I see very little and I wonder where am I? Sometimes I fail to recognise familiar figures. I have a very short memory but I remember my family discussing of taking me into a care home. I vehemently objected to the idea for I loved my beautiful home. My beautiful home that I worked for and turned into a real home. My beautiful home was a paradise to me. I cherished every moment of my life in that home. My home was the pride of my heart. Surplus savoury and scrumptious food that I tendered with care and shared with my beloved ones. My evergreen garden was the envy of my neighbours. How could I leave my home for care?
My dreams were to die and be buried beneath my roof in a home that I loved. But sometimes life is so unfair, so unfair that I cannot hold back what I cherished for years. I am left distorted and shunned. I never dreamed of being in a care home, although its purposes are good. Day in day and day out you would find me loitering around in the long passage halls, holding my comforter doll, Barn, in my fragile hands. I spoke to him softly and sometimes I do shout loudly. There is sporadic anger that spills out of me and pushes me to fight. To fight anybody that comes my way. To those who know me they tell me to calm down. They use every useful technique to distract me but my story does not end here. Sometimes I have told people that my mummy loves me.
I have always asked people: Do you know where my mummy is? When is she coming to take me home? Sometimes I have told people that my mummy was with me, and that we went to McDonalds together. I have always seen people looking at me with strange eyes and I wondered why? But when Terry, my friend comes to see me he spoke of mummy in the past and it bewildered me. I have called for my mummy everyday for I feel vulnerable. “Angela, your mummy passed away a long time ago,” said Terry. “No she didn’t”, I will respond. Terry shook his head. Sorry Angela, that’s all what he could say.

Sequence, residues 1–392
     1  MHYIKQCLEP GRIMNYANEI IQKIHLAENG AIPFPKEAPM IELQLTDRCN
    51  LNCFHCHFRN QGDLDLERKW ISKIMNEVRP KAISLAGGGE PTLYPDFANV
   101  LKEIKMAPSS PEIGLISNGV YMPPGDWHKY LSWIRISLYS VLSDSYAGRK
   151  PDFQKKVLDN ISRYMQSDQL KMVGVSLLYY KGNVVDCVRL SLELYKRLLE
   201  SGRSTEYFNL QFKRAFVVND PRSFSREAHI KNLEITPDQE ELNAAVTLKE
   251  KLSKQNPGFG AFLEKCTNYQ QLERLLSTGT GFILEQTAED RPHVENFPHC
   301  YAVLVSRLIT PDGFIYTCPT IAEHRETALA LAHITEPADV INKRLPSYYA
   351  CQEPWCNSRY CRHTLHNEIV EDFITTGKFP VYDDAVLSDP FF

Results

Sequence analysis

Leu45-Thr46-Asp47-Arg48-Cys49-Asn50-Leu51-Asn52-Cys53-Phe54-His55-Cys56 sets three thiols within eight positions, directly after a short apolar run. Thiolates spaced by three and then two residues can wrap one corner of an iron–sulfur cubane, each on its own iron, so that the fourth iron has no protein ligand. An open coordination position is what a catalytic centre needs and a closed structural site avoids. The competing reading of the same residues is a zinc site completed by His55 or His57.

But there are other people who visits me and they call me mummy and I do not understand it. I can’t remember having children. But these people they tell me you are our real mother who bore us and we share the same blood. I nod my head, I remember you Nicola and David my little twins. How would I have forgotten you? They introduced me mummy here are your grand children Chris and Carol. The two children smiled back with smiles that light up a room. The children cuddled me all day long. “Nanny we love you”. “I love you too!”
“I want to come home,” I cried. “No mummy you can’t. Nobody will look after you? We have our lives. This is now your home.” I looked at them with pleading eyes but no one hears my plea. “Mummy we are going we will see you next week.” Slowly I saw the door closed. Leaving me in my own solitary world. Where I see things moving that nobody could see it. Inwardly I cried for many things that I have lost, that I have lost when I moved into a care home. If anything was going to be reversible. I would cry for my childhood and remain young forever. I would never lose my home and my dignity.